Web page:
Retirement security is dependent on people saving for their future, but millions of Americans lack access to an employer-provided savings plan. Research shows that workers are 15 times more likely to save for retirement if they can do so through payroll deduction; many small businesses, however, are unable to offer retirement benefits because of high startup costs and a lack of administrative capacity.
Nationally, 56 million workers—nearly half of the private sector workforce—don’t have retirement benefits at their workplaces. This lack of access to workplace savings not only impedes workers’ ability to plan for their financial future; it also places the burden on taxpayers. A recent study by The Pew Charitable Trusts quantified the costs of insufficient retirement savings both nationally and in Massachusetts. Pew found that insufficient savings results in decreased household spending and increased demand for social assistance programs, placing an even greater burden on a shrinking tax base.
Retirement in Massachusetts by the numbers
- 1.2 million workers—43% of the Bay State’s private sector workforce—do not have access to retirement savings through their jobs.
- The ratio of older households to working-age households will increase 41% by 2040.
- If the retirement savings situation doesn’t change:
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But there’s good news: Even small savings now could help offset the impact of this projected shortfall. If each Massachusetts household saved just an additional $2,585 a year—about $215 a month—they could erase the additional $13.9 billion burden on taxpayers and prevent any decreases in their own standard of living in retirement.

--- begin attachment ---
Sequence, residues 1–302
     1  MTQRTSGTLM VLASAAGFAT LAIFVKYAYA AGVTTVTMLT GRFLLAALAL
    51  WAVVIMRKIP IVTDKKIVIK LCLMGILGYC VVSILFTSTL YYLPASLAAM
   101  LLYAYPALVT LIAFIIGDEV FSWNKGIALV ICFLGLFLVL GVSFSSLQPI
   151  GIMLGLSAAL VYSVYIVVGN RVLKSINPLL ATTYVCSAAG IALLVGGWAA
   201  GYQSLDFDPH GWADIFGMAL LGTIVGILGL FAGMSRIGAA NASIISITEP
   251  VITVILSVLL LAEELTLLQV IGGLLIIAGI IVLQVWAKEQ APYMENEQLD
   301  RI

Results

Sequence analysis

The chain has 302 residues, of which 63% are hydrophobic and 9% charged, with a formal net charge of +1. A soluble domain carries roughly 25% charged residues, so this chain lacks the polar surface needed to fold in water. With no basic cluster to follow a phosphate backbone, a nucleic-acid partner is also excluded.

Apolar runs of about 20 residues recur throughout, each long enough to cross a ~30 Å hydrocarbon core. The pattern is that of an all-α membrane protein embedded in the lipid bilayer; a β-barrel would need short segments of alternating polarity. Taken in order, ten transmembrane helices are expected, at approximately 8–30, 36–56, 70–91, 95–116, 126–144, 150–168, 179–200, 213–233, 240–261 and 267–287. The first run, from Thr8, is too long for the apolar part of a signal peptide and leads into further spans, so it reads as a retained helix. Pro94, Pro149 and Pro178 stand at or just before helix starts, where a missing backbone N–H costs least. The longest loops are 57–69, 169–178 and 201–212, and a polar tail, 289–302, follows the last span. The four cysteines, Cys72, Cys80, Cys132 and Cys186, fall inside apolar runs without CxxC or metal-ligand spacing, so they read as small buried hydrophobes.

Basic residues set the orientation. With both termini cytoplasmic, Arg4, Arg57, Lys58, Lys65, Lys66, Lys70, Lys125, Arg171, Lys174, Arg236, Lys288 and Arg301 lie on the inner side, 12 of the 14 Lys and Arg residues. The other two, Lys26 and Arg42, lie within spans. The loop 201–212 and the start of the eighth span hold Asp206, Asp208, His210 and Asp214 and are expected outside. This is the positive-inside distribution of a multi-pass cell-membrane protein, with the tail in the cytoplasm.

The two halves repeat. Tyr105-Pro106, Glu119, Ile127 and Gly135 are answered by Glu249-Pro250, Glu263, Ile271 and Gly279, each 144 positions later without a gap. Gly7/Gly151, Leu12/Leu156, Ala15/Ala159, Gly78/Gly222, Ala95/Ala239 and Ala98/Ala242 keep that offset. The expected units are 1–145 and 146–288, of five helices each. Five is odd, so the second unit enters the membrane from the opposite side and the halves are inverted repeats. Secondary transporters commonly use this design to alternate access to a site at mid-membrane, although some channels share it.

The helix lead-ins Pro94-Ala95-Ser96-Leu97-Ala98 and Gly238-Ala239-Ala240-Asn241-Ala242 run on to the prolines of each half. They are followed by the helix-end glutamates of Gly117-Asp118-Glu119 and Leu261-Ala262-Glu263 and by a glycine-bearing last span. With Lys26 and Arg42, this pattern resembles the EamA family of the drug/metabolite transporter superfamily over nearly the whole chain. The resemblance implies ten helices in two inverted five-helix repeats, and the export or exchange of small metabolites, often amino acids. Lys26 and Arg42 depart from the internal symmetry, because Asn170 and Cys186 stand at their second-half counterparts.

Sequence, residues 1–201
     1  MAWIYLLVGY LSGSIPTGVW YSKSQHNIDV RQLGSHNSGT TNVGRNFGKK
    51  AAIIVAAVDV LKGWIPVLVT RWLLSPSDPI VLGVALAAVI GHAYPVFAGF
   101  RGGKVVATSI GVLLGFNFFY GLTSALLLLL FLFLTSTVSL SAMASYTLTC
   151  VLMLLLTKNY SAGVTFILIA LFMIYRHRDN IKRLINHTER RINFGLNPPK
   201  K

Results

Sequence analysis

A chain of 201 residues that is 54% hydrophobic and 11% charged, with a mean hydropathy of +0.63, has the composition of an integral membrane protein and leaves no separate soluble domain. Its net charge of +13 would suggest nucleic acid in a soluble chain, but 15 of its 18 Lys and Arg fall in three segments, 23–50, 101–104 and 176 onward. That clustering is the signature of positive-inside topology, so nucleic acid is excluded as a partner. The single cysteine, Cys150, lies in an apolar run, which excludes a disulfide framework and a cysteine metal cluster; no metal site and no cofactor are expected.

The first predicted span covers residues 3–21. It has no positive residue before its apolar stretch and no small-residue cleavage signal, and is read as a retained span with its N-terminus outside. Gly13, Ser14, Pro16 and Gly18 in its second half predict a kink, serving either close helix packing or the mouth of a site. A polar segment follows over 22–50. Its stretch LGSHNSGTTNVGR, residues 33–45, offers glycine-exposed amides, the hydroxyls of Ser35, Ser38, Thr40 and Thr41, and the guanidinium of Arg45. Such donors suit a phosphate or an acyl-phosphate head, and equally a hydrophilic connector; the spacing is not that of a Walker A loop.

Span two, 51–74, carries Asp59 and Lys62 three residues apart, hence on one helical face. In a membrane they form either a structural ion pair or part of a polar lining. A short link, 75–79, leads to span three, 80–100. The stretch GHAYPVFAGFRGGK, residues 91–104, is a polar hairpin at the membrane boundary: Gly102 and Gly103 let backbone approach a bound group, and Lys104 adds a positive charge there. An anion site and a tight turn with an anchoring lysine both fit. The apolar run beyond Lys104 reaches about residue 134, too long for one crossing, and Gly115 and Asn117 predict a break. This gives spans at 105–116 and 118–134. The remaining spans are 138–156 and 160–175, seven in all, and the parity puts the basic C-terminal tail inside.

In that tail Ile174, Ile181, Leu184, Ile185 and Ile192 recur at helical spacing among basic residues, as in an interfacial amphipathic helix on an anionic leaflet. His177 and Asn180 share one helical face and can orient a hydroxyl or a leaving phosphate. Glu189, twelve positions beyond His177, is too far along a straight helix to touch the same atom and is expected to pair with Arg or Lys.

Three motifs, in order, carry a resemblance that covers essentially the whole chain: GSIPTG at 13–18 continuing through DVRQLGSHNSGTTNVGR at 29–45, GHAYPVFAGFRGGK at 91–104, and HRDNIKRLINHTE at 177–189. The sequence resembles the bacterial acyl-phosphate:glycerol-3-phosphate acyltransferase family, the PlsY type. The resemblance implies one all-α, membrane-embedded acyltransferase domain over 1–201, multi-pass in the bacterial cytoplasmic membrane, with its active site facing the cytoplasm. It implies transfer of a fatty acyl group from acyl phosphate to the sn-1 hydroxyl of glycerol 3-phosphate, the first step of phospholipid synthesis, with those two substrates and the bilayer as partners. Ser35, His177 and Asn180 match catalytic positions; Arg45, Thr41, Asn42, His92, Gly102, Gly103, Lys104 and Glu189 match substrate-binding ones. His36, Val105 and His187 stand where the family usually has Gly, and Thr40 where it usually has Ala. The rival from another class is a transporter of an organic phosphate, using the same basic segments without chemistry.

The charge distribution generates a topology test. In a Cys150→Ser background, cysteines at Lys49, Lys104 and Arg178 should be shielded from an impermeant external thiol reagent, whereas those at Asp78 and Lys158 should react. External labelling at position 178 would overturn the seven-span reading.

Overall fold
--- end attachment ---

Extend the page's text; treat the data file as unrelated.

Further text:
Earlier this year, lawmakers introduced the Massachusetts Secure Choice Savings Program Act (H. 998 and S. 624) to create an automated savings program that would make it easier for businesses to help workers save for retirement. The bill would create an individual retirement account (IRA) program—at no cost to employers—that would automatically enroll workers who don’t have access to employer-based retirement benefits. Businesses with more than five employees that don’t currently offer a retirement savings plan would be required only to facilitate the program by enrolling their workers and processing payroll deductions. Businesses could stop facilitating the program at any time by adopting an employer-sponsored plan, such as a 401(k). Workers participating in the program would always control their contribution level and could opt out at any time.
If Massachusetts enacts this legislation, it will join 15 states that have passed similar secure choice bills: California, Colorado, Connecticut, Delaware, Hawaii, Illinois, Maine, Maryland, Minnesota, Nevada, New Jersey, New York, Oregon, Vermont, and Virginia. As of August 2023, more than 715,000 savers in the seven states with active programs had already amassed nearly $1 billion in assets.
Benefits of the Massachusetts Secure Choice Savings Program Act (H. 998 and S. 624)
- Workers are automatically enrolled to start saving for their future via payroll deduction but may opt out or change their contributions at any time.
- Contributions are deposited into a post-tax Roth IRA, owned by the worker, who can access contributions at any time with no penalty, including for unexpected financial emergencies.
- The IRA moves with the worker if they change jobs.
- The program is provided at no cost to employers, and setup is simple.
- Businesses enroll their workers and process payroll deductions; they are not plan sponsors and are not legally liable for the accounts. Reporting and administration are handled by a financial services firm hired and overseen by the state.
- An automated savings program allows small businesses to compete on a more level playing field with larger businesses to recruit and retain workers.
- An employer can start its own plan, such as a 401(k), at any time; in fact, data from the first states to adopt a secure choice program shows that the rate at which employers have started their own private plans has increased since the state programs were established.
- Like the rest of the country, Massachusetts faces the fiscal strain of an increasingly older population.
- Making it easier for people to set aside even modest levels of savings during their working years will pay dividends for workers and taxpayers in the long run and help erase the looming $13.9 billion in increased state spending.
Go to Massachusetts Secure Choice to learn more.
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